*be closest number to*

_{N}*z*

*satisfying*

_{N}*z** _{n,N}*−

*x*

_{n}*N* ∈*p*Z+*r*

if the distribution of the*π** _{n}*is supported in

*p*Z+

*r*. Lastly, define functions

*H*

*which may be viewed as the normalized versions of the functions*

_{N}*F*

*by*

_{N}*H** _{N}*(x) =X

*n*

P* _{π}*(x

*+*

_{n}*S*

*≥*

_{N}*x*+

*z*

*).*

_{n,N}Note that in the lattice case each function*H** _{N}* is piecewise constant with jumps on a subset of

*p*Z. Applying Lemma 3.1 we deduce that for an appropriate

*K*

*>*0 and all

*n*for which

*x*

*≥ −*

_{n}*K N*it holds

P* _{π}*(

*x*

*+*

_{n}*S*

*≥*

_{N}*x*+

*z*

*) =P*

_{n,N}*(S*

_{π}*≥*

_{N}*z*

*−*

_{n,N}*x*

*)exp*

_{n}−*x*·*η*

*z** _{n,N}*−

*x*

_{n}*N*

(1+*ǫ** _{n,N}*)

for all*x* ∈Rin the non-lattice case and for all*x* ∈*p*Zin the lattice case. Moreover,
sup

*n* |*ǫ** _{n,N}*| →

*N*→∞0.

Hence, with high probability*H** _{N}*(

*x)*can be written as Z

_{∞}

0

*̺** _{N}*(du)e

^{−}

*(1+*

^{ux}*ǫ*

*(u)) + X*

_{N}*n:**x*_{n}*<*−*K N*

P* _{π}*(

*x*

*+*

_{n}*S*

*≥*

_{N}*x*+

*z*

*)*

_{n,N}where

*̺** _{N}*(du) = X

*n:**x** _{n}*≥−

*K N*

P* _{π}*(S

*≥*

_{N}*z*

*−*

_{n,N}*x*

*)δ*

_{n}*η*_{zn,N}_{−xn}

*N*

(du),

because by the affine bound on*z** _{n,N}* in step 3 below we have

*µ(̺*

*∈M)→*

_{N}*N→∞*1.

Choosing*ǫ** _{N}*(u) =

*ǫ*

*for*

_{n,N}*u*=

*η*

_{z}*N*−*x*_{n}*N*

and*ǫ** _{N}*(u) =0 otherwise, we have
sup

*u∈*R|*ǫ** _{N}*(u)| →

*N*→∞0.

2) In this step we will prove that X

*n:**x**n**<−K N*

P* _{π}*(x

*+*

_{n}*S*

*≥*

_{N}*x*+

*z*

*)*

_{n,N}tends to 0 for*N*→ ∞and an appropriately chosen*K.*

In case that lim_{η}_{→∞}Λ^{′}(η) *<* ∞, we conclude that the support of the distribution of the *π** _{n}*
is bounded from above. Hence, the expression above vanishes for a fixed large enough

*K*and

*N*tending to infinity (provided that

*z*

*is bounded from below by an affine function of*

_{n,N}*N*uniformly in

*n*which will be proven in the next step).

It remains to consider the case lim_{η}_{→∞}Λ^{′}(η) = ∞. As in the proof of the Bahadur-Rao The-
orem in[6]we define*ψ** _{N}*(η)≡

*η*p

*N*Λ^{′′}(η)and let *F*b_{N}* ^{q}* be the distribution function ofP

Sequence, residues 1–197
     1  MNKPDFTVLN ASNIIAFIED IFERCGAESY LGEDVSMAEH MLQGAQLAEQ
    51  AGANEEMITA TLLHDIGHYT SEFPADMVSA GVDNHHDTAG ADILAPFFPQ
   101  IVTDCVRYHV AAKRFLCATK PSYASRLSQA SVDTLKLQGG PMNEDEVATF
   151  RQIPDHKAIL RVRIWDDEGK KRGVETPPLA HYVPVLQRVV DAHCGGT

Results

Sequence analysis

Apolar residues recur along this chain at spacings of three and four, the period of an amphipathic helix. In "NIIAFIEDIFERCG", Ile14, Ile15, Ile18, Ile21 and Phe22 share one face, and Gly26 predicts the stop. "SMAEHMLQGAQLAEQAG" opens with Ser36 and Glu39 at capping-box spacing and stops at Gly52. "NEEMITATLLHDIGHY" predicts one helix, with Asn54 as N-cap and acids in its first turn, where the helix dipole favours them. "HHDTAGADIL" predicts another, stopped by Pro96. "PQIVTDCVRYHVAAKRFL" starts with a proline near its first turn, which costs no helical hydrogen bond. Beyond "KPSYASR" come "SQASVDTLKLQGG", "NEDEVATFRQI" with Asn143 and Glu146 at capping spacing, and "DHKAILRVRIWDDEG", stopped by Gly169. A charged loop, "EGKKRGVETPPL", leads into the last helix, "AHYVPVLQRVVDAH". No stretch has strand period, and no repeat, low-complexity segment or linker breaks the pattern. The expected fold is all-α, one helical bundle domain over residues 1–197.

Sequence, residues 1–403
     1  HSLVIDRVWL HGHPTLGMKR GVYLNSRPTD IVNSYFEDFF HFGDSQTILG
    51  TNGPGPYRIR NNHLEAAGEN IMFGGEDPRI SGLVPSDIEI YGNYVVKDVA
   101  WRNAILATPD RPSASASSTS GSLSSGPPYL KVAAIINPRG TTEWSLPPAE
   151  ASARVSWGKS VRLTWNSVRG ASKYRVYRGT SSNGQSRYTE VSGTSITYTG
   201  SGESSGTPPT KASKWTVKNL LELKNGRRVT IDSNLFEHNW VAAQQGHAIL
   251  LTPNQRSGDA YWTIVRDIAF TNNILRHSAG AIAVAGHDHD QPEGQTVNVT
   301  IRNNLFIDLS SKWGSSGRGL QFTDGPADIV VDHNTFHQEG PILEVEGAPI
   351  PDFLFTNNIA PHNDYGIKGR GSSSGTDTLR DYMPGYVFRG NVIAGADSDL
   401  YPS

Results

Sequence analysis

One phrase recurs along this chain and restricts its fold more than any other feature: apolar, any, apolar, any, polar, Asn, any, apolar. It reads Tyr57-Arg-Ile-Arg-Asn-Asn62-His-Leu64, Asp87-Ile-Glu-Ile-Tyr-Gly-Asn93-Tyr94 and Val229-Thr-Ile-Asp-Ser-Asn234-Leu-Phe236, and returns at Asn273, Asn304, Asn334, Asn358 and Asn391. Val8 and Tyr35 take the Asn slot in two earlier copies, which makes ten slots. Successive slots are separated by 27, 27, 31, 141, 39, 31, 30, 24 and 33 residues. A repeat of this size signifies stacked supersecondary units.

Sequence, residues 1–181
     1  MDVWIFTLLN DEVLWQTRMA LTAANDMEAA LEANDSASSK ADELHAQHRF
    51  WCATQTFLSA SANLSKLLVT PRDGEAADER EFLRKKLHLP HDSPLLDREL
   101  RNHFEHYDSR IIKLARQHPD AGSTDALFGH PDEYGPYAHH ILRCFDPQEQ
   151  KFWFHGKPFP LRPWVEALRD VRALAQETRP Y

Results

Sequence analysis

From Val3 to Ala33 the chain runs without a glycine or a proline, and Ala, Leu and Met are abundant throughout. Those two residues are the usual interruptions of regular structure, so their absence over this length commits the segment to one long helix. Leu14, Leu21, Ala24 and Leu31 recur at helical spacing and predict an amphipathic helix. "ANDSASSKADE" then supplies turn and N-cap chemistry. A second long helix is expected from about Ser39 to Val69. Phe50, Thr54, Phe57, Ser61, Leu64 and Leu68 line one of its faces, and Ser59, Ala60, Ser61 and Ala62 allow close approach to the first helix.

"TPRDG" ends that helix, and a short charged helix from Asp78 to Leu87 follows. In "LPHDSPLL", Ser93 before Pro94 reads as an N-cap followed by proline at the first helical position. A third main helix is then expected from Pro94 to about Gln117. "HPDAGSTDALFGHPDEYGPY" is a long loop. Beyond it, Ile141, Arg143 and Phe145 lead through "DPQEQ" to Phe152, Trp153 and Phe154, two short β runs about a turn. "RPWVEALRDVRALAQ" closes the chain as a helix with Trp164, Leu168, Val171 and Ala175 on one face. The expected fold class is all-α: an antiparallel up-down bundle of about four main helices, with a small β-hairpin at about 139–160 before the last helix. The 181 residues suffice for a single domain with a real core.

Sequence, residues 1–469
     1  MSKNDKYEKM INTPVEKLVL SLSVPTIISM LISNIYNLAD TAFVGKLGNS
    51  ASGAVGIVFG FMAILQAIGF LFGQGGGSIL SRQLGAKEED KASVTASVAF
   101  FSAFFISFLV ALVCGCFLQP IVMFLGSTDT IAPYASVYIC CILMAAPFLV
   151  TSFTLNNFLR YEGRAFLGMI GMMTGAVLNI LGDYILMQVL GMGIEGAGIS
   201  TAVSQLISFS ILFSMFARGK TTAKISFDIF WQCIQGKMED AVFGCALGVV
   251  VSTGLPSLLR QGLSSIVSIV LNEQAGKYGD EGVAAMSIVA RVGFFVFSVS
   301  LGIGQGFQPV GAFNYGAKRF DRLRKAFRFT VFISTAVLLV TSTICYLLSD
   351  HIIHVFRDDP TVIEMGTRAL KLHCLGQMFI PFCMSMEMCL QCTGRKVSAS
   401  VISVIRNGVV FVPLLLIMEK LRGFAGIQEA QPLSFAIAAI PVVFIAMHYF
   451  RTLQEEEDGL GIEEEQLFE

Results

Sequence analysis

_{N}*i=1*
*π** _{i}*−

*q*

pΛ^{′′}(q).
In the same way as in[6]we deduce for all*n*with*x*_{n}*<*−*K N* that

P* _{π}*(

*x*

*+*

_{n}*S*

*≥*

_{N}*x*+

*z*

*) = exp*

_{n,N}

−*Nγ*

*x*+*z** _{n,N}*−

*x*

_{n}*N*

Z ∞ 0

exp

−*yψ*_{N}

*η*

*x*+*z** _{n,N}*−

*x*

_{n}*N*

*dF*b

*x+**zn,N−xn*
*N*

*N* (*y).*

Provided we have a lower bound on*z** _{n,N}* which is affine in

*N*and uniform in

*n*and choosing

*K*large enough we have for large

*N*that

*η*

_{x}_{+z}

*n,N*−x*n*

*N*

*>* 0 and hence *ψ*_{N}*η*_{x+z}

*n,N*−x*n*

*N*

*>* 0, so the
integral is bounded by 1. Thus, it suffices to show that for a large*K*

X

*n:**x*_{n}*<*−*K N*

exp

−*Nγ*

*x*+*z** _{n,N}*−

*x*

_{n}*N*

converges to 0 for *N* → ∞. Recall the definition of *ζ*_{1} in assumption 1.2 and assume the lower
bound

*z** _{n,N}*≥

*AN*+

*B*

with*A,B*independent of*n*which will be proven in the next step. Next, choose*K*such that

∀*q*≥*K*+*A*: *γ(q)*≥2ζ_{1}*q,*
*K*≥ −2A,

which is possible because*γ*is convex with*γ*^{′}(q) =*η(q)*→*q*→∞∞. Thus, for*N* large enough
X

*n:**x*_{n}*<*−*K N*

exp

−*Nγ*

*x*+*z** _{n,N}*−

*x*

_{n}*N*

≤ X

*n:**x*_{n}*<*−*K N*

exp

−2ζ_{1}(x+*z** _{n,N}*−

*x*

*)*

_{n}≤ X

*n:**x*_{n}*<*−*K N*

exp −2ζ_{1}(x+*AN*+*B*−*x** _{n}*)

≤exp −2ζ_{1}(x+*B)* X

*n:**x*_{n}*<*−*K N*

exp *ζ*_{1}*x*_{n}

→* _{N→∞}*0

for*µ-a.e.* (x* _{n}*)

_{n}_{≥}

_{1}and where the convergence follows from assumption 1.2.

3) We will bound *z** _{n,N}* from below by an affine function in

*N*uniformly in

*n, i.e.*find uni- form constants

*A*,

*B*such that

*z** _{n,N}*≥

*AN*+

*B*

for all*n,N*. To this end note that by the Central Limit Theorem we have

*F** _{N}*(

*x*

_{3})≥P

*(x*

_{π}_{1}+

*S*

*≥*

_{N}*x*

_{3}) +P

*(x*

_{π}_{2}+

*S*

*≥*

_{N}*x*

_{3}) +P

*(*

_{π}*x*

_{3}+

*S*

*≥*

_{N}*x*

_{3})→

*N*→∞

3 2,

hence *F** _{N}*(

*x*

_{3})

*>*1 for

*N*large enough. By the definition of

*z*

*it follows that*

_{N}*z*

*≥*

_{N}*x*

_{3}for

*N*large enough. Thus, we can find constants

*A,*

*B*such that for all

*N*we have

*z*

*≥*

_{N}*AN*+

*B. The definition*of

*z*

*implies immediately*

_{n,N}*z** _{n,N}* ≥

*z*

*≥*

_{N}*AN*+

*B*as claimed.

4) Putting the first three steps together, we conclude
*H** _{N}*(x) =

Z _{∞}

0

*e*^{−ux}*̺** _{N}*(u)(1+

*ǫ*

*(u))du+*

_{N}*ǫ*e

*(x)*

_{N}with*δ** _{N}* ≡ sup

*|*

_{u}*ǫ*

*(u)| →*

_{N}*N*→∞ 0,

*ǫ*e

*(*

_{N}*x)*→

*N*→∞ 0 for all

*x*∈R in the non-lattice case and for all

*x*∈

*p*Zin the lattice case. It follows directly that for all such

*x*we can find positive numbers

*δ*

*tending to 0 for*

_{N}*N*tending to infinity such that

|*H** _{N}*(

*x*)−

*R*

_{̺}*(x)| ≤*

_{N}*δ*

_{N}*R*

_{̺}*(x) +*

_{N}*ǫ*e

*(*

_{N}*x*).

Recalling that in the lattice case the functions *H** _{N}* are piecewise constant having jumps only on a
subset of

*p*Zwe may write the same inequality in terms of the functions

*R*e

_{̺}*and get*

_{N}|*H** _{N}*(x)−

*R*e

_{̺}*(x)| ≤*

_{N}*δ*

*e*

_{N}*R*

_{̺}*(x) +*

_{N}*ǫ*e

*(*

_{N}*x*)

with*δ** _{N}* →

*N*→∞0 and

*ǫ*e

*(x)→*

_{N}*N*→∞0 for all

*x*∈Rin both cases. We will use this estimate in order to rewrite the equation

*G*e* _{µ}*(

*f*) = lim

*N→∞*

Z

*dµG*b_{F}

*N*(*f*)